Leuven GCT, Day 2: 100% Magnus!

Leuven GCT, Day 2: 100% Magnus!

Jun 18, 2016, 8:52 PM |

Leuven GCT, Day 2: 100% Magnus!

Magnus Carlsen ground three former World Champions into dust and outwitted Anish Giri in the opening to win all four games on Day 2 of the Your Next Move Grand Chess Tour. That spectacular run undid all the damage done on the first day to make the current World Champion the sole leader after the rapid section in Leuven. Wesley So is only a point behind, though, and with no player entirely collapsing the tournament remains wide open with no less than 18 blitz games to go.


All about Magnus


At first there was nothing too remarkable. Carlsen gradually outplayed Veselin Topalov in an ending to win his first game of the day, but although it was a good start he was matched by Vishy Anand, who increased his lead over the field with a sharp victory over Anish Giri. 26.e6! was a nice final touch

Anish resigned, since 26…Rxe6 runs into 27.Rxe6 Qxe6 28.Re1! and the threat of mate on e8 will cost Black the queen.



In Round 2, though, Vladimir Kramnik ground out a win against Anand while Giri misplayed the opening and resigned on move 23 against Carlsen. The Norwegian was only a point behind and had some time to rest, though he first came to talk to Jan and Anna, explaining how he’d got over his terrible end to the previous day:

Well, I was really pissed for about an hour, and then I stopped caring, a little bit. I don’t really care today either, but it doesn’t seem to affect my play so far! Sometimes that’s just what you need – to loosen up a bit.


The icing on the cake was beating another ex-World Champion and great rival, Vladimir Kramnik, in the day’s final round. Carlsen was rewarded for keeping the position highly unbalanced, with Kramnik missing nuances until he found himself in a clearly lost endgame.

Kramnik had to play 47.Ne4!, but instead was tempted by the “fortress” after 47.Nxd5? Bxd5 48.g5. Alas, he’d missed something simple and was soon forced to resign.


Not a great day at the office for Vlad, but a strong fashion statement... | photo: Lennart Ootes


The longest rapid

This was the final day of rapid chess for the 2016 Grand Chess Tour, and the players were drawing conclusions. Although we witnessed almost none of the outright blunders we’d seen on Day 1, the players were united in the opinion that the schedule, with four or five 25 min + 30 sec games a day, is hard to deal with.


Yesterday I started out with two pretty hard-fought draws. I spent a lot of energy on my games and towards the end I was pretty tired. Of course that’s not an excuse for dropping pieces here and there, but I think for everybody playing five rapid games - that’s tough! I’d say much tougher than a day of classical chess.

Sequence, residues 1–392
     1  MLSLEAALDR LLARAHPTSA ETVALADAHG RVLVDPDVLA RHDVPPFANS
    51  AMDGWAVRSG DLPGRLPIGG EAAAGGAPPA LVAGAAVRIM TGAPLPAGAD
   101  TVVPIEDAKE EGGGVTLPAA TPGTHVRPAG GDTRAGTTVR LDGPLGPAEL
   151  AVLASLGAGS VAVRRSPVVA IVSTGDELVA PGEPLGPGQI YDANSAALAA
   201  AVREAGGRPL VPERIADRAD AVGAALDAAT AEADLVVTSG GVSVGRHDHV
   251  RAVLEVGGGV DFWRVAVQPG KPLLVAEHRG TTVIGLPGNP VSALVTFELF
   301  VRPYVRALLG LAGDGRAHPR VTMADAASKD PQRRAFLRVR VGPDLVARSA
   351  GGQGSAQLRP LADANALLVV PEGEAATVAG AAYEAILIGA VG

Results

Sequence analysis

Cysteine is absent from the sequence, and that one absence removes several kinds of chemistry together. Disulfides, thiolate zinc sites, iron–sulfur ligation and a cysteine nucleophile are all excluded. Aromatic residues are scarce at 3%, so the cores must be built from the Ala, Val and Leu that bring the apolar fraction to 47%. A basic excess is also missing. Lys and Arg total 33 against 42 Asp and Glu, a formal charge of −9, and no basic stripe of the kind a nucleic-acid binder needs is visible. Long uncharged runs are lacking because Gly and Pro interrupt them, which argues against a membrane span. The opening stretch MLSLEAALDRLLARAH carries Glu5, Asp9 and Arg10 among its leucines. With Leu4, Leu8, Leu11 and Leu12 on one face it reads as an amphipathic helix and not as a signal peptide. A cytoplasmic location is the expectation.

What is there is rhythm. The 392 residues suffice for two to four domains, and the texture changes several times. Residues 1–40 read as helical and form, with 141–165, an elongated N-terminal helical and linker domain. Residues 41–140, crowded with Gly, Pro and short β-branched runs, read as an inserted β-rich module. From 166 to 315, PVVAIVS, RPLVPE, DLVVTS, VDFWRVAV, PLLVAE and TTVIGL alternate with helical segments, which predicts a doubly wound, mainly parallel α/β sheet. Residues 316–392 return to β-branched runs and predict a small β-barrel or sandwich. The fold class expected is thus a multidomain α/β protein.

Aronian is lurking after beating Caruana and Nakamura in consecutive games | photo: Lennart Ootes


It’s harder to recover from losses, or missed opportunities, so you kind of get emotionally tired, not physically, and I guess the low quality of certain games, including many of mine, has shown that the players are not recovering so well.

[In blitz] you care much less. You know it's blitz - you're going to blunder! Rapid is kind of halfway. You're still upset, as would happen after losing a classical game, but as in blitz you have very little time to recover.



Maxime failed to get a win on Day 2, but is still a dark horse for the blitz section | photo: Lennart Ootes


Playing five rapid games, especially at this time control, requires much more energy. There are many more critical points, much more excitement, which is not good for your body… It’s fine, but I'd rather either have three days of play in the rapid, or a faster time control like 15+10 or even 15+5.

Certainly commentators and news writers feel the same , but what do you think as chess fans? Would you prefer an accelerated format rather than the 6-7.5 hours days we’ve had in the last two weeks? 

Now let’s get back to the actual chess!

Something for everyone

It was a curious day in Leuven, since all but one of the players had at least one win to boast about.

Nakamura has just taken the pawn on d6, but it could have been very costly, since 26…Rd8!, with the threat of Rxd3, is lethal. Instead Maxime played 26…Rfc8 and after 27.Rae1 Rxa2 28.hxg6 hxg6 he was unpleasantly surprised by 29.Qd7!, with the threat of 30.Rh7+.


Maxime admitted he was slightly lucky not to actually be losing after missing this move


MVL drew that game and two more, but then found himself improving Giri’s mood and health by losing a rook ending in the final round.


In any case, after his rapid performance in Paris and Belgium he won't need to worry so much about opponents targeting him due to his low rating:


So has climbed 107 points and 89 places to move ahead of Caruana and Giri | source: 2700chess


So the standings look as follows before we switch to 18 rounds of blitz:



As you can see, four players are within two points of Magnus, while even Kramnik and Nakamura are still within striking distance if they can go on a winning streak – something that you certainly wouldn’t rule out Hikaru doing after his performance in Paris.

It was put to Carlsen that he’d suffered one bad day during the Paris blitz:

"I’m really hoping that I already did away with my bad day here in Leuven!"